Pages of Pain
First off, I’d like to just state how much I love the hard cover edition of this novel. The dust jacket cover art is vibrant and very well done. The cover has a nice, thick, almost leather like feel to it, and the binding is superb. I’m not really a book snob. I have an eReader and I enjoy it. But sometimes it’s nice to read a real book. The hardcover version of Pages of Pain was just about the perfect type of hardcover. It wasn’t cumbersome, heavy, and the binding didn’t interfere with holding it open and flipping through the pages. There also wasn’t that gap you sometime get between the cover, the binding, and the pages. After a complete read through, the binding showed no signs of wear and tear. And it’s gorgeous! Feast your eyes on this beauty.
Alright, enough of gawking at relics. Time for the good stuff.
Pages of Pain is an intriguing read by Troy Denning. Here he crafts a strange, poetic tip-of-the-hat to the old Greek myths with an intellectual plunge into the meaning of pain and responsibility. It’s a complex story that comes together with thought provoking conclusions.
On the surface there is the typical hero who is on a quest for the gods. He is a champion of great deeds. He’s also quite smug and quick to list out all his accomplishments to the point that he won’t stop unless someone interrupts him. Yet this prideful hero is the main character of the story. There is a well crafted balance that allows the reader to follow the hero without being utterly disgusted with him. By the same token, Denning occasionally reminds the reader that the hero is far from perfect and has plenty of flaws. He is both likable and unlikable. His character is formed by strengths and flaws. In one way, the story is his quest to overcome his shortcomings.
The hero doesn’t really have a name, either. In fact he’s lost many of his memories of his earlier life. He doesn’t know where he was born, who his parents are, or what his name is. Regardless he’s made many memories since then and has quite the reputation. He’s made a deal with Poseidon to travel to Sigil and deliver a gift to the Lady of Pain. That’s where the fun kicks in.
The Lady of Pain is a strange god or godlike being. She rules Sigil, the hub of the multiverse, thus controlling access to every plane of existence. Yet her very existence is a puzzle. Plus puzzles are a huge underlying theme in the novel. As part of the Planescape lore, Denning couldn’t reveal too much about her. Yet what he does do with her is a brilliant stroke of penmanship.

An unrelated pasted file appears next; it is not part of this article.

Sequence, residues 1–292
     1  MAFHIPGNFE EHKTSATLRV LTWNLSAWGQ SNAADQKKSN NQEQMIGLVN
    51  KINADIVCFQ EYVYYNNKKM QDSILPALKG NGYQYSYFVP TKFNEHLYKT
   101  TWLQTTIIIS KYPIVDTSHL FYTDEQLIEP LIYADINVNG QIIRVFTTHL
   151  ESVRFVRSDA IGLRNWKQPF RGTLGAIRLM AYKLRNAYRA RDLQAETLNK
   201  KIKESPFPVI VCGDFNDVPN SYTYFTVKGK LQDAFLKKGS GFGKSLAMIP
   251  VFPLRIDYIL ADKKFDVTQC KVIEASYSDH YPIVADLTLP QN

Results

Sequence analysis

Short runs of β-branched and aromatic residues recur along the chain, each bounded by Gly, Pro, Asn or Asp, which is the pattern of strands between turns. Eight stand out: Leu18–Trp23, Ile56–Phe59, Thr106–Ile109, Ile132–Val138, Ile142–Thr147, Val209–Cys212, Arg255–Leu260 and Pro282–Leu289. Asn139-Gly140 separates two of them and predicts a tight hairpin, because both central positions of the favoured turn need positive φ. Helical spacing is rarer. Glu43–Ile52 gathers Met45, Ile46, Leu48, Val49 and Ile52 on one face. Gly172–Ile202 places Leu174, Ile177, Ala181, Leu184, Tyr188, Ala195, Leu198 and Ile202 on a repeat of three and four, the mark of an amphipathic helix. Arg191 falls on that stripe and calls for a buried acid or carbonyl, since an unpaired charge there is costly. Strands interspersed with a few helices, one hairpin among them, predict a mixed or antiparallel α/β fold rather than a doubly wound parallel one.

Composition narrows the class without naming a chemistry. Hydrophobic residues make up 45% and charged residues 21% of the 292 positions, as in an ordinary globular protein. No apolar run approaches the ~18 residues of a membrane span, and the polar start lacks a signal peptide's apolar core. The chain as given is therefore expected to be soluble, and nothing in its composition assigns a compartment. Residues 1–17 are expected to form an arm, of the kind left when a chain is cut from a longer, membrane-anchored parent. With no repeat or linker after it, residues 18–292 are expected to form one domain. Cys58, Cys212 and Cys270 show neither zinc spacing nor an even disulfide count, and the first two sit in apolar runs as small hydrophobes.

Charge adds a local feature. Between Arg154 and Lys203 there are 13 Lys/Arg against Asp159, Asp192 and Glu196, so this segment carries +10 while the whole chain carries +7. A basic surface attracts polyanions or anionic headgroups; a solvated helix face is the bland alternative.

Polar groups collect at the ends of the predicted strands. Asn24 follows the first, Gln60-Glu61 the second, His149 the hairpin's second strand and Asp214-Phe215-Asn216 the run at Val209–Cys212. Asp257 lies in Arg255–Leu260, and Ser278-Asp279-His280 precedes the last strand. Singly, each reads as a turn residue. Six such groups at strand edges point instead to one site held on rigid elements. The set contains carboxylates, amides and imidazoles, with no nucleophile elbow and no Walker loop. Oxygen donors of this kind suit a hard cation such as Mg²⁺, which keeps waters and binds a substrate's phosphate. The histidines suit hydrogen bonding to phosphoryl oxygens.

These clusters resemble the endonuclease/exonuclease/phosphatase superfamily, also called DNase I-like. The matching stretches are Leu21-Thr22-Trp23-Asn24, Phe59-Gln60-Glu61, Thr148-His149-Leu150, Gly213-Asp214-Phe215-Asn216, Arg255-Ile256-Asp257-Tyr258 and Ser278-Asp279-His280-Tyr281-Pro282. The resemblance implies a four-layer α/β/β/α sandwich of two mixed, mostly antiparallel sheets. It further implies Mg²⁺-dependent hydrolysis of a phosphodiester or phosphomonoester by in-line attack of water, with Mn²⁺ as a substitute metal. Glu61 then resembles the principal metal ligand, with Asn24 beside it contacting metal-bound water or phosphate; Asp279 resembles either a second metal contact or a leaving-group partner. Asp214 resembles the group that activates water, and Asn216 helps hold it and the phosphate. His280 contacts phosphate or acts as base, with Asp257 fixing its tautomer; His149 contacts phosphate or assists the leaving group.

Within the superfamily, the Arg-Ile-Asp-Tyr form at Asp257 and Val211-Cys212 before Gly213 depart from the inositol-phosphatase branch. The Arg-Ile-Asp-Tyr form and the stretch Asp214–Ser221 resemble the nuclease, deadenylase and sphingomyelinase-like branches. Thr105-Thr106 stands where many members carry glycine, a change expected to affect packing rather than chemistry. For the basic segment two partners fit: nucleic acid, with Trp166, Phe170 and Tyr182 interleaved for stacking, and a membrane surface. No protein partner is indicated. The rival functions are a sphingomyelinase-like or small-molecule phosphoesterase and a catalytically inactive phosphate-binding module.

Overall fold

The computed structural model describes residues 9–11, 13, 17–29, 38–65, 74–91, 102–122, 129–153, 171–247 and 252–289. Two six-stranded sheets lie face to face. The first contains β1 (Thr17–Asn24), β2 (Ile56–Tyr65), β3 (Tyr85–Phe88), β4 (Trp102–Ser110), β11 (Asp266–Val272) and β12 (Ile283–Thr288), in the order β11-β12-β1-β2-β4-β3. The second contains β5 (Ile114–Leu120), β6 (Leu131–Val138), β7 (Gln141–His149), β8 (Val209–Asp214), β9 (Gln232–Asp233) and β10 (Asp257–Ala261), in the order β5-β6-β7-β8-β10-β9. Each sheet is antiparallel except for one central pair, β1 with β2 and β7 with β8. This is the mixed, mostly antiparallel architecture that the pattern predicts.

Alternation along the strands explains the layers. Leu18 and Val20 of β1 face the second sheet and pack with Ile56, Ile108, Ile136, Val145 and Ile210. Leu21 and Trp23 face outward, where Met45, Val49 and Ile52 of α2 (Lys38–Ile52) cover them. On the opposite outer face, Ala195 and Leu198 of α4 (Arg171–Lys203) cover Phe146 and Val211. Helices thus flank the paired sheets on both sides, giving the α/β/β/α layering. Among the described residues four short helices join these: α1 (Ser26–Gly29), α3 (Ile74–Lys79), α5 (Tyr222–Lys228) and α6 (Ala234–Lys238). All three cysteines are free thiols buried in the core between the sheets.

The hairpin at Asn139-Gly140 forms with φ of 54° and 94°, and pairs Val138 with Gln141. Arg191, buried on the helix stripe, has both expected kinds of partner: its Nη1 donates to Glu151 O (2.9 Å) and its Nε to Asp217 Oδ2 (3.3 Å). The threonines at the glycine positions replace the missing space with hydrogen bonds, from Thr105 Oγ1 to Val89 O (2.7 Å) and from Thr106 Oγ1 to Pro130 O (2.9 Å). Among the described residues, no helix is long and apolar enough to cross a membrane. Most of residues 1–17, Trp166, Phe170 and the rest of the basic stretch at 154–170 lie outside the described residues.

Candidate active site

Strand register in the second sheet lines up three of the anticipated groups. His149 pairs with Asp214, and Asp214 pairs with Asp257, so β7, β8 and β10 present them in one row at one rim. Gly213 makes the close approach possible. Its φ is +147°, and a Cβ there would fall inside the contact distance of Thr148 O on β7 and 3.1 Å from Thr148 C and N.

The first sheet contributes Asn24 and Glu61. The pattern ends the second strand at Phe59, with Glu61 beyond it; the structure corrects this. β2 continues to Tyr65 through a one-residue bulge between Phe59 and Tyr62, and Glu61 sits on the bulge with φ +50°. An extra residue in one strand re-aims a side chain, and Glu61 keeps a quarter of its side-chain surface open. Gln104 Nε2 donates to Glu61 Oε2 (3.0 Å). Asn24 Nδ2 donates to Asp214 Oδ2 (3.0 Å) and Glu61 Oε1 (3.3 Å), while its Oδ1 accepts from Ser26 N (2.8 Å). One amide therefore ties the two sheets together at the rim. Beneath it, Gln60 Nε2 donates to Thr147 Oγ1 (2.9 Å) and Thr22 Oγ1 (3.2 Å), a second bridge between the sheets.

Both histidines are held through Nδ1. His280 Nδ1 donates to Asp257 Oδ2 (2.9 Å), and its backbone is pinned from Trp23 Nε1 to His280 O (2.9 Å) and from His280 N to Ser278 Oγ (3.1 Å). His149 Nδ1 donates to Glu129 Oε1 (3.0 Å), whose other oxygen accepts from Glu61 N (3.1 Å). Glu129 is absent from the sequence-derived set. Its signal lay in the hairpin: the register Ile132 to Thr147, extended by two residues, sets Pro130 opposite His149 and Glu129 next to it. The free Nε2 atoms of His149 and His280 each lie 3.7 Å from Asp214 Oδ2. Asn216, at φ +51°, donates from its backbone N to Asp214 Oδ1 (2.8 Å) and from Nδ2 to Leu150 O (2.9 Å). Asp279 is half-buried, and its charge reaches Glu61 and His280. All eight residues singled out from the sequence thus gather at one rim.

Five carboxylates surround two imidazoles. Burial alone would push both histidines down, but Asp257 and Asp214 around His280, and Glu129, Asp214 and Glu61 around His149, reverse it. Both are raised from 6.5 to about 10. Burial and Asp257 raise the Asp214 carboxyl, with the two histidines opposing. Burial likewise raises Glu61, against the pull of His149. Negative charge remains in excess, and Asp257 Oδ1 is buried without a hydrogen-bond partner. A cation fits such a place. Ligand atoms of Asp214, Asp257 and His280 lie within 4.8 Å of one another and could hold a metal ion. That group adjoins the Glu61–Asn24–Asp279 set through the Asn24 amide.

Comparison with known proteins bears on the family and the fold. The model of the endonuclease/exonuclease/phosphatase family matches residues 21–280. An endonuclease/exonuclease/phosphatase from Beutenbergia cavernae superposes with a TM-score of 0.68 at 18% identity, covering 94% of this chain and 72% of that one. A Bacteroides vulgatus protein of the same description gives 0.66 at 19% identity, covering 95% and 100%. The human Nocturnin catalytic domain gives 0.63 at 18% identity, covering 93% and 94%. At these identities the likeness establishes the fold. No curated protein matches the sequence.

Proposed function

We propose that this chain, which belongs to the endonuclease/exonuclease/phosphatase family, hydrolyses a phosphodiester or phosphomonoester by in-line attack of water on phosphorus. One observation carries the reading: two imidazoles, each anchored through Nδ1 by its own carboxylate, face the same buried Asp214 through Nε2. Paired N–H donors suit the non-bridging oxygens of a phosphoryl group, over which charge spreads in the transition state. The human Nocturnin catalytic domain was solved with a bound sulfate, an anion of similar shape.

The Lady is also the narrator of the story. The hero’s adventure is told through her eyes. As such, it makes for some fun storytelling. Denning uses the extra freedom to toss in some delightful prose and intriguing explorations into topics like pain and responsibility. What is the purpose of pain? Why must we suffer throughout? Is pain actually a good thing? What lengths would you go through to fulfill your responsibility to others? To yourself? Throughout the story there are some great intellectual threads that probe into these questions. The added depth makes the story an extremely enjoyable read.
Without giving away too much of the plot, the story goes from Sigil to mazes. The hero joins forces with a vampiric lunatic, a deluded elf healer, a crazy centaur, and a fiend. There’s a great deal of pain and exploration that’s strewn along the journey. There’s swordfighting, flashbacks, and magic.
Put all that together, and you’ve got a great book. Pages of Pain incorporates deep characters, a fascinating story, and titillating themes into a book on par with the likes of Matthew Stover. This isn’t an action fest, or a light tromp through a fun adventure. This is a look at serious ideas tied into a captivating narrative splashed with skillful prose. It doesn’t go on and on like a Stephen King tome, and it doesn’t end before the story is finished. Simply put, this is one of the finest novels I’ve read by Troy Denning, and I highly recommend checking it out if you’re a fan of his work. I give it an outstanding five out of five metal bikinis.